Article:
Women, Girls, and Alcohol
The gender gap in underage drinking has closed. Young girls are drinking more than underage boys.
Young females are more likely to have ever drunk alcohol than males.
- 70.9 percent of female high school students have ever drunk compared to 70.6 percent of male high school students.1
Students reporting that they have had a drink in the last 30 days:2
According to 2011 data, more ninth-grade girls consume alcohol than do ninth-grade boys. Ninth-grade girls report binge drinking almost as much as ninth-grade boys.
Ninth-grade students reporting alcohol use:3
|Ninth-Grade Girls||Ninth-Grade Boys|
|Drank alcohol in last 30 days||30.3%||29.3%|
|Engaged in binge drinking (5+ drinks on same occasion in last 30 days)||13.0%||15.0%|
Young people's alcohol beverage of choice appears to be shifting from beer to spirits. Girls are more likely to prefer spririts than boys. Girls are also more likely to prefer alcopops than boys.4, 5
Youth Exposure to Alcohol Advertising:
Girls are significantly more likely than boys to be overexposed to alcohol advertising in magazines, as seen in a study from the Center on Alcohol Marketing and Youth that analyzed alcohol advertising in magazines in 2002.
- Girls, ages 12 to 20, saw 68% more beer advertising than women of legal age on a per capita basis in magazines in 2002, while boys, ages 12 to 20, saw 29% more beer advertising than men on a per capita basis.6
- Girls saw 30% more distilled spirits advertising per capita than women in magazines in 2002, while boys saw almost as much as men.7
- Girls saw 95% more magazine advertising for "alcopops" than women per capita in 2002, while boys saw 37% more than men. Girls' exposure to alcopop magazine advertising increased by 216% from 2001 to 2002, while boys' exposure increased 46%.8
- Sixteen alcoholic beverage brands (14 distilled spirits brands, one beer, and one low-alcohol refresher brand) accounted for half of the total magazine alcohol advertising exposure of girls ages 12 to 20 in 2002. Five of these 16 brands had greater exposure in magazines to underage girls per capita than to women ages 21 to 34.9
In a 2008 update of the Center on Alcohol Marketing and Youth data, girls were still more likely than boys to be overexposed to alcohol advertising in magazines.
Magazine Gross Rating Point Ratio by Gender, 200810
GRP ratio 12-20/21+
GRP ratio 12-20/21+
Beer and Ale
Girls may be particularly susceptible to alcohol advertising, especially to alcohol-branded merchandise (ABM).
- One study found that 10-14 year old girls who owned alcohol-branded merchandise were 3.3 times more likely to start using alcohol within 1-2 years than girls who did not own ABM. There was no relationship between owning ABM and early initiation of drinking in boys.11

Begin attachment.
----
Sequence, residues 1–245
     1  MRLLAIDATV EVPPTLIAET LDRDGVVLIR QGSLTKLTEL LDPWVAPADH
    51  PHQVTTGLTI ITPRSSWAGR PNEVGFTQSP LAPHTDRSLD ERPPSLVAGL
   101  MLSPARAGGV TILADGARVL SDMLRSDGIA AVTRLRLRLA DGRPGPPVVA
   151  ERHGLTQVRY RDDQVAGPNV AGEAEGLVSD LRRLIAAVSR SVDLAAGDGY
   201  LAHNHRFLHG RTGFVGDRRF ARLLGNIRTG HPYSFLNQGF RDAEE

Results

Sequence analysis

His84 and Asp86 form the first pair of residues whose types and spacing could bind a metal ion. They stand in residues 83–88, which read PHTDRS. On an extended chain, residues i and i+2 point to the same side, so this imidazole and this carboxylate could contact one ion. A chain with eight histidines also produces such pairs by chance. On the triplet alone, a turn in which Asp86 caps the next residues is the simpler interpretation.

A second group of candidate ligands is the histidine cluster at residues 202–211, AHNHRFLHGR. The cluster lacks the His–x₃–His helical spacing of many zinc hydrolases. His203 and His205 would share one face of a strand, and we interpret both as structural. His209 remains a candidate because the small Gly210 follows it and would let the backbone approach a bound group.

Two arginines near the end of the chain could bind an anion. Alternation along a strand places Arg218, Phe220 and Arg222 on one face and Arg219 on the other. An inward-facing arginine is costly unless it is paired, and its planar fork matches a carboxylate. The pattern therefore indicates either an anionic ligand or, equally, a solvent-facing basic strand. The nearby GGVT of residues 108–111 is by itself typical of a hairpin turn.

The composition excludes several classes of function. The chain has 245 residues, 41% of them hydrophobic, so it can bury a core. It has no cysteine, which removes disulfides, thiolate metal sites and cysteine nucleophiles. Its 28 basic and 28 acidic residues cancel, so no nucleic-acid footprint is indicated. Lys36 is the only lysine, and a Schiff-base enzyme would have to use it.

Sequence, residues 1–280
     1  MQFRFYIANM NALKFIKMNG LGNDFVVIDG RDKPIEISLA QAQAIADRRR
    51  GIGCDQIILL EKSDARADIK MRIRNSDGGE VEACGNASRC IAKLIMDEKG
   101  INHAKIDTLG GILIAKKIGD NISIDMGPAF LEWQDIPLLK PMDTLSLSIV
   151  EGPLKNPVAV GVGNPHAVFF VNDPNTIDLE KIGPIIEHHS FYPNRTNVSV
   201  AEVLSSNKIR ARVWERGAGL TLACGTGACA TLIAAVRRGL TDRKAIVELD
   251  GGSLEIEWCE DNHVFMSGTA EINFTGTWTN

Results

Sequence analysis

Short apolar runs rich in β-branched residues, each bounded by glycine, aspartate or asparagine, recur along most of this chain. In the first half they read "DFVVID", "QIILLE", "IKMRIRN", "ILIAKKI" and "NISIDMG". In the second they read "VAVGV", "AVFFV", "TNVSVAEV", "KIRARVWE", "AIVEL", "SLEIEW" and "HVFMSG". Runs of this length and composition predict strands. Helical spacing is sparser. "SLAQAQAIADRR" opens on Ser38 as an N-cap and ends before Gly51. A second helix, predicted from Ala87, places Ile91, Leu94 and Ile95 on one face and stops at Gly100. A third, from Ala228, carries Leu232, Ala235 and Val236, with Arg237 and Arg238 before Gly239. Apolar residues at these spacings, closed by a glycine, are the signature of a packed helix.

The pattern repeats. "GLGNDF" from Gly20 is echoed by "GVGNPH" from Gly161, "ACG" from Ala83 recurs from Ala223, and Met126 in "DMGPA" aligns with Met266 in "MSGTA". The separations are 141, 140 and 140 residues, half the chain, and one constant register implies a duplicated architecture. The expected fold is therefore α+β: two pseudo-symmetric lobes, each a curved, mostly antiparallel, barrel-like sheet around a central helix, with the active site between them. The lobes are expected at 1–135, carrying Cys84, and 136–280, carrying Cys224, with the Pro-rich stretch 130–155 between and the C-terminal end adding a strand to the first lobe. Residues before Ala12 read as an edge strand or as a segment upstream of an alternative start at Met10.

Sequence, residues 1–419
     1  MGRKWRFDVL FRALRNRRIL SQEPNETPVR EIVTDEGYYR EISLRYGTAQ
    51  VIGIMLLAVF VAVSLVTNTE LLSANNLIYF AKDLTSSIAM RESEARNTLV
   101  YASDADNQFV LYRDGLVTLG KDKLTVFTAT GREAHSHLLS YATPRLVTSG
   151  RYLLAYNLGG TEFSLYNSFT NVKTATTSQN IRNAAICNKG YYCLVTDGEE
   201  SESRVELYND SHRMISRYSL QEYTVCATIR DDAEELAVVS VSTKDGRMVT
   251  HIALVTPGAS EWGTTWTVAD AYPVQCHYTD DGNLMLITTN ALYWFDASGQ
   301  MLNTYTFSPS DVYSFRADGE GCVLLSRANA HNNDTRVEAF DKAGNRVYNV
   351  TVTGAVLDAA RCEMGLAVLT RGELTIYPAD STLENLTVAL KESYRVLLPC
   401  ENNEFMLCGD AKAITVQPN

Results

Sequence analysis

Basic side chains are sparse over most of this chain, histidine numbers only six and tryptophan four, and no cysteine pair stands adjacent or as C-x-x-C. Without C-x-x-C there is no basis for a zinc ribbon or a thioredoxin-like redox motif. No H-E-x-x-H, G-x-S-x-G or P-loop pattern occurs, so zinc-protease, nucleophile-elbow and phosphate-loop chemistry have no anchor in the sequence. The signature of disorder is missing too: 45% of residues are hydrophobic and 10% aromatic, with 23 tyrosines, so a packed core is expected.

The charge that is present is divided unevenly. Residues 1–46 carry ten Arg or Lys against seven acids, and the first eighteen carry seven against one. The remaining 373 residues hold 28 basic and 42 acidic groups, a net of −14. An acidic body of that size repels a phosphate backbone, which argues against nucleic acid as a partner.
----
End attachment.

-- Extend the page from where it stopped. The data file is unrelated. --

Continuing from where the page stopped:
- Young girls are more likely to ride in a car with a driver who had been drinking than young boys. 22.9 percent of ninth grade girls reported having ever ridden in a car with a driver who had been drinking compared to 20.7% of ninth grade boys.12
- While boys are still more likely to be arrested for underage drinking, girls' rates increased by 7.7% from 1980 to 2005, whereas boys' rates declined by 25%.13
- Only 9% of those arrested for DUI in 1980 were female. However, by 2004, women accounted for 20% of those arrested for DUI. In women ages 18-20, the rate nearly doubled from 1980 to 2004.14
- In a study using BRFSS data from 1991-2005, the prevalence of pregnant women ages 18-44 reporting any alcohol use while pregnant was 12.2%. 1.9% of these pregnant women reported binge drinking while pregnant.15
- Women generally drink less and less often than men. However, women drinkers are at higher risk for certain medical problems, including liver, brain, and heart damage, than are men who drink comparable amounts.16
- Women metabolize alcohol differently than men. When women and men of the same body weight drink the same amount of alcohol, women reach higher peak blood alcohol levels.17
- The USDA Dietary Guidelines reflect that women drinkers are at higher risk for alcohol-related health problems. The USDA prescribes that any alcohol use be done in moderation and defines moderation as no more than one drink a day for women and no more than two drinks a day for men.18
- Several meta-analyses have found that any consumption of alcohol increases the risk of breast cancer, and that the degree of risk rises as the level of consumption increases.19, 20
- Adolescent girls are two times more likely to be depressed as adolescent boys. There is also a stronger relationship between depression and substance use in young girls than young boys.21
Risky Sexual Behavior and Sexual Assault:
- The disinhibiting effect of alcohol is more pronounced in adolscent girls than in adult women.22
- It is estimated that teenage girls who binge drink are up to 63% more likely to become teen mothers.23 Early initiation of alcohol use also increases the likelihood tha a teen mother will drink during pregnancy.24
- It is estimated that in 1998 more than 70,000 college students were victims of alcohol-related sexual assault or date rape.25
- One study of over 5,000 undergraduate women found that 20% of seniors had been victims of sexual assault during college.26
- In a survey done of prisoners in state jails in 1997, 40% of convicted rape and sexual assault offenders said that they were drinking at the time of their crime.27
- Of domestic violence incidents reported by the victims, 67% involve an abusive partner who has been drinking.28
- A study on substance abuse and domestic violence between 1993 and 1998 found that 57% of domestic violence incidents during those six years involved only alcohol, while 10% of incidents involved both alcohol and drug use. In contrast, only 11% of domestic violence incidents during those years involved only drug use, and only 21% involved no substance abuse at all.29
Updated July 2011. YRBS updated in 2012.